"It's not true that they failed the test. Those tests were manipulated. There were two teachers involved. One tested the boys and the parents requested a record of her assessment, because they had been following the notes she made as she made them. Her assessment gave zero points for all categories and a note to the effect that the child had failed. The parents then requested that the test be re-performed. Jolana Šmarhovyčová, who was monitoring the enrollment process, began to administer the test to the child in front of the teacher. The child passed. The second teacher then took that test, tore up the results of the first one, and admininstered the test again," Karvayová told news server Romea.cz.
The mother of one Romani pupil and the grandmother of the other Romani pupil perceived both the performance of the tests and their outcomes to be discriminatory. "The teacher frowned and shouted at my son until he cried. The Romani children said she was mean. The teachers were kinder to the children from the majority society," alleged the relatives of the children who sued.
According to separate assessments made of the children, they actually were sufficiently prepared for instruction when they attempted to enroll into first grade, and today they are among the successful pupils at the schools they attend. According to the judge, the principal's communication that if more than five Romani children enrolled in a class, then non-Romani parents would begin withdrawing their children and transferring them to other schools was a testament to the school's own discriminatory behavior.
The principle apparently said flat out that there was a danger that an all-Romani first-grade class would be created in response to such developments. "Even if that were true, the school must not succumb to pressure from public opinion that way. On the contrary, the school must set an example and show that even in such classes children can receive a quality education," the judge said.
The school later told the legal representatives of the Romani boys that it would enroll them, but by that time the children were enrolled in a different school. The court rejected their request for compensation because the school eventually offered to enroll them.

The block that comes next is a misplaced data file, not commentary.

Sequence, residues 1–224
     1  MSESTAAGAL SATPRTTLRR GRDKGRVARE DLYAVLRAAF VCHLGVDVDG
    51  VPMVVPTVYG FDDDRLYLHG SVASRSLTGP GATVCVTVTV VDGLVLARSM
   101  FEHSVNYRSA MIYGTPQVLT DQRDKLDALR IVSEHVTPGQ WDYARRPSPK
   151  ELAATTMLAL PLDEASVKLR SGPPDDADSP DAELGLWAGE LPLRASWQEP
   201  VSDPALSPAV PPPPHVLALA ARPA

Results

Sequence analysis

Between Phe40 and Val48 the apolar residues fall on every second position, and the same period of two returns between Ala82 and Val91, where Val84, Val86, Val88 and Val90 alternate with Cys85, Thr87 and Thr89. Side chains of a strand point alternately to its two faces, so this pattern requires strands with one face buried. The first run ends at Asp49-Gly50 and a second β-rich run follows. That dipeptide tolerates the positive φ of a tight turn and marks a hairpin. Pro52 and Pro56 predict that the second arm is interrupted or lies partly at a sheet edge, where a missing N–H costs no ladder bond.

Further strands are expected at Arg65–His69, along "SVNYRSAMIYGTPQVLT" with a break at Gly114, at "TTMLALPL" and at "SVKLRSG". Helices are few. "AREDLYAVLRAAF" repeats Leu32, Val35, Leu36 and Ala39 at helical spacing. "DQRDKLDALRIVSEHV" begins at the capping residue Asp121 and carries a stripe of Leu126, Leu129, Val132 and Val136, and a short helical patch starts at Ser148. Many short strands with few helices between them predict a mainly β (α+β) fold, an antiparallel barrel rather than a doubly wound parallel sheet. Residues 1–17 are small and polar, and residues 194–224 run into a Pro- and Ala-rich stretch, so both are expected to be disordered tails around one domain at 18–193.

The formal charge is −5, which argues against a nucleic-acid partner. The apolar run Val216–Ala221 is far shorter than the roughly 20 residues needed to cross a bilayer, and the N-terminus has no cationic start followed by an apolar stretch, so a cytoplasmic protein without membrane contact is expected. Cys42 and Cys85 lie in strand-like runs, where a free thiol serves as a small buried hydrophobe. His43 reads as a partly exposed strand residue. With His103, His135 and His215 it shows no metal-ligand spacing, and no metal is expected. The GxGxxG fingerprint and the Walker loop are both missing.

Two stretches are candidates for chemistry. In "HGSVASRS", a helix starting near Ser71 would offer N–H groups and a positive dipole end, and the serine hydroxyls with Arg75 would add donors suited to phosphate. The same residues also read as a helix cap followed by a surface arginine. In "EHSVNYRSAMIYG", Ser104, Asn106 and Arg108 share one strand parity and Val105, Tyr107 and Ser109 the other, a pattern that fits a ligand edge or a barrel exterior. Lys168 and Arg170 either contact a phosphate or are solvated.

According to the judge, the psychological damage done to the children was significantly reduced by the school's offer to enroll them. Last March the families of both boys also attempted reconciliation with the school management.
The families wanted an apology. The principal refused, so the parents filed suit.
Principal: I haven't discriminated against anybody
Krahula rejects the reservations expressed by the court about his decisions. "I have not discriminated against anybody," he declared, insisting he had not been aware of the ethnic affiliation of the preschoolers when they attempted to enroll.
"I just got the resulting list," the principal said. In his opinion, all of this has been caused by insufficient capacity at the school, as that year two classes of children were not enrolled for lack of room.
"That is why we were reflecting on how to establish criteria according to which we would choose the pupils," Krahula explained. He admitted that tests of school readiness might not necessarily be the best solution.
Krahula's attorney, however, says there is no clear methodology for how to proceed in such cases. The judgment has yet to take effect and Krahula is considering whether to appeal.
"For the parents of these boys it was not important to achieve financial compensation, but they invested all of their efforts into acheiving justice. They are extremely satisfied with the judgment and believe that thanks to their fight they will protect the futures of other Romani children who have the right to equal access to a quality education. For that reason, our Awen Amenca team wants to continue to empower and organize Romani parents in matters of equal access to a quality education, as we are currently doing," Karvayová told news server Romea.cz.